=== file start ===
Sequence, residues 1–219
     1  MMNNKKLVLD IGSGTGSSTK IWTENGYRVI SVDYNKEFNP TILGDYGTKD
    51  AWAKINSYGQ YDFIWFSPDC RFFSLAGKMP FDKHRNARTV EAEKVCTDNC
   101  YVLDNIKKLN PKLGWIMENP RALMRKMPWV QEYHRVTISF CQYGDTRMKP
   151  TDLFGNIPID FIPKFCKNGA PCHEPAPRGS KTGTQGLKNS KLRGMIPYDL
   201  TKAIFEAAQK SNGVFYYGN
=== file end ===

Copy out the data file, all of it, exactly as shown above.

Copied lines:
Sequence, residues 1–219
     1  MMNNKKLVLD IGSGTGSSTK IWTENGYRVI SVDYNKEFNP TILGDYGTKD
    51  AWAKINSYGQ YDFIWFSPDC RFFSLAGKMP FDKHRNARTV EAEKVCTDNC
   101  YVLDNIKKLN PKLGWIMENP RALMRKMPWV QEYHRVTISF CQYGDTRMKP
   151  TDLFGNIPID FIPKFCKNGA PCHEPAPRGS KTGTQGLKNS KLRGMIPYDL
   201  TKAIFEAAQK SNGVFYYGN